Secretary of State Hillary Clinton wrapped up her trip to the annual Association of Southeast Asian Nations (ASEAN) Regional Forum on Friday after speaking to delegates with a much softer tone than others might have expected. Earlier in the week, China and ASEAN members announced an agreement on guidelines to govern the South China Sea, but not a binding code of conduct. Secretary Clinton declared her support for the effort to ease tensions over disputed territorial claims in the South China Sea, according toThe Wall Street Journal. “Although she commended regional leaders for pledging earlier this week to work together to resolve the claims, she avoided direct criticism of China, which has asserted its sovereignty over the disputed areas, and held back on tough talk about U.S. interests in the South China Sea that in the past has angered Chinese diplomats,” the Journal reported on Saturday. Of course, Secretary Clinton was clear on the need for a code of conduct, stating, according to Agence France Press, “We think it was an important first step but only a first step in adopting the declaration of conduct.”
Nevertheless, Secretary Clinton’s softer tone on China seems to suggest a greater sensitivity to China’s concerns in the region, as the United States attempts to strike a diplomatic balance in engaging China on regional challenges that could require the United States to make some concessions; for example, between the South China Sea and a nuclear North Korea. Assistant Secretary of State for East Asian and Pacific Affairs Kurt Campbell said that “We are entering a period of really quite consequential diplomacy for the United States in Asia, probably more so than at any other period over the course of the last decade,” according to United Press International.
Striking a diplomatic balance with China does not mean that the United States will retreat from the region though, as Secretary Clinton made clear with her announcement for deeper U.S. involvement in Southeast Asia. Indeed, Secretary Clinton used the ASEAN Regional Forum to promote the Lower Mekong Initiative, an effort to “help countries along the Mekong River—Cambodia, Laos, Thailand and Vietnam—improve their environments and infrastructure as well as their health and education systems,” according to The Wall Street Journal. “The wide-ranging plan includes everything from a workshop held in Laos this year to brainstorm about how to design and build a better cook stove to reduce pollution, a two-year survey by three U.S. scientists to study and map the Mekong, and a program to combat counterfeit drugs and support the construction and repair of clinics, schools and roads in the region.” The Lower Mekong Initiative could be a much more discrete and less-sensitive point of entry for the United States to “rebuild relationships in the region, especially with countries that historically have had close ties with China,” the Journalreported. “People familiar with the matter say several of the Mekong-region countries have often sided with China in recent debates over regional security issues such as the territorial disputes in the South China Sea, and that U.S. officials want to curry favor with those countries by taking a more activist role in their economic development.” As the United States pushes this effort forward, however, U.S. diplomats will have to be continuously mindful of the concerns China may have with a greater U.S. presence in the region, even if that presence is more discrete.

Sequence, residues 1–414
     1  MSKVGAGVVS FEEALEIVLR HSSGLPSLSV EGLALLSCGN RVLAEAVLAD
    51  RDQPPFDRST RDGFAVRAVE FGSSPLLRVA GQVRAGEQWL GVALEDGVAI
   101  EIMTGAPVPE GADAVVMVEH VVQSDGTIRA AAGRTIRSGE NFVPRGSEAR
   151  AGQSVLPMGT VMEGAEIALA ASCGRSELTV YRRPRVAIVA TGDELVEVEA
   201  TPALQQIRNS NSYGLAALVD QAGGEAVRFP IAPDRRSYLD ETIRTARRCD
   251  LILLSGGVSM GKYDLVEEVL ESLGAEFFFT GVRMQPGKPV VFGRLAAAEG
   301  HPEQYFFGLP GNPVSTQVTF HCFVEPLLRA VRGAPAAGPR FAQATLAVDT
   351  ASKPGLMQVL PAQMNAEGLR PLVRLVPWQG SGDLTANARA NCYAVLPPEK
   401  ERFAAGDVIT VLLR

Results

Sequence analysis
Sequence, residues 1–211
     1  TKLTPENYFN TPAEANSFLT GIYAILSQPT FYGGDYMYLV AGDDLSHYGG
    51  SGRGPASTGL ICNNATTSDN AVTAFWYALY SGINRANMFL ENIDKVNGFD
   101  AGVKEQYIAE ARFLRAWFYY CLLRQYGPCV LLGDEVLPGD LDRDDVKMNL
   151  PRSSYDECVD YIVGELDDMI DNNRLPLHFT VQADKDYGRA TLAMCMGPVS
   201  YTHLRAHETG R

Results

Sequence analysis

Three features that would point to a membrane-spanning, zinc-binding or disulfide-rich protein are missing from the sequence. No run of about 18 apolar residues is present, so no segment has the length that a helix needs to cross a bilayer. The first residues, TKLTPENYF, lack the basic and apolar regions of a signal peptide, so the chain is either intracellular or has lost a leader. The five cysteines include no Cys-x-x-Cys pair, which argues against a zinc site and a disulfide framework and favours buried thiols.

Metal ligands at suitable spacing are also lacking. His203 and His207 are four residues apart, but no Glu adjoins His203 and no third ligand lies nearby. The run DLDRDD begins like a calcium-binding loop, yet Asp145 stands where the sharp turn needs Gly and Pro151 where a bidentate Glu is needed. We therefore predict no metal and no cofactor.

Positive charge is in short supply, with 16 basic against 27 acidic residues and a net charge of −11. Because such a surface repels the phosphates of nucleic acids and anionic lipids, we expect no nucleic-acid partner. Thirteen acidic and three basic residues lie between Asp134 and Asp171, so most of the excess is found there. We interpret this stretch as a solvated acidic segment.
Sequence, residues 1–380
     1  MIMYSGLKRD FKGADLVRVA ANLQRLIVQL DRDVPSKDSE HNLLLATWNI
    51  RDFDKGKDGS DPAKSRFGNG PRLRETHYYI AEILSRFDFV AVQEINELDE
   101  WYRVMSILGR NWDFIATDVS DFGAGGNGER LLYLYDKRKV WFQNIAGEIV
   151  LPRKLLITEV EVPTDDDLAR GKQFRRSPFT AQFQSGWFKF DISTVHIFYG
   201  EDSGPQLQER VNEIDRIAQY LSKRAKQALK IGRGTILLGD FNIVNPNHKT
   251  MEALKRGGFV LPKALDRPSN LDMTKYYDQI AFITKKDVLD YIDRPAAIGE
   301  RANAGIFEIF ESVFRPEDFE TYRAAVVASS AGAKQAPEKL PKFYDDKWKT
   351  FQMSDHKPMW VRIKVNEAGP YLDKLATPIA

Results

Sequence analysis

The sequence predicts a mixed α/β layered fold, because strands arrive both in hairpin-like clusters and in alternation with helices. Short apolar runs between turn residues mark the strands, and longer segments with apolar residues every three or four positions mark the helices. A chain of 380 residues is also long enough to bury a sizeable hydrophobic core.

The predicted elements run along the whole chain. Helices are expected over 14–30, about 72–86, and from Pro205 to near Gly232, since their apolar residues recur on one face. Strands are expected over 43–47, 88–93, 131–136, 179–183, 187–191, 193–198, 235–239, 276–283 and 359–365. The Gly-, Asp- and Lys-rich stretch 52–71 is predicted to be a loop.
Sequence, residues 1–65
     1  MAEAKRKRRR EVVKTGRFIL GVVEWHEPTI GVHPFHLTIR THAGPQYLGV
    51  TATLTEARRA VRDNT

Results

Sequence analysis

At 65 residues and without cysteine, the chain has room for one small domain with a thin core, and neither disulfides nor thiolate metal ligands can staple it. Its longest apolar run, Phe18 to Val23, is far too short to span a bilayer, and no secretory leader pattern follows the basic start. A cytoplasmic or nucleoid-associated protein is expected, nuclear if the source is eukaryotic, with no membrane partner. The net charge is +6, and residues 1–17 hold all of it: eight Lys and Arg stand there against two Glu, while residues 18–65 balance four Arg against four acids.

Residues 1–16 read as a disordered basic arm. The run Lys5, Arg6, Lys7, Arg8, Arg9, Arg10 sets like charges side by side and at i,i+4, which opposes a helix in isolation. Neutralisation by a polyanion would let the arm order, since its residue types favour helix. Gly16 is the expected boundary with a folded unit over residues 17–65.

This Week’s Events
On Tuesday at 9 AM, head over to the Wilson Center for a conversation on Dams and Sustainability in China. At 9:15 AM, the U.S.-Indonesia Society will host Maritime Security in the Southeast Asia/South China Sea.
On Wednesday at 2 PM, the Environmental and Energy Study Institute will host More Fight, Less Fuel: The Defense Department's Deployment of Energy Efficiency and Renewable Energy.
On Thursday at 12 PM, head to Resources for the Future for Integrated Hydro-Economic Modeling of Catchment Science and Non-Market Valuation. At the same time, the Wilson Center will host International River Basins: Mapping Institutional Resilience to Climate Change.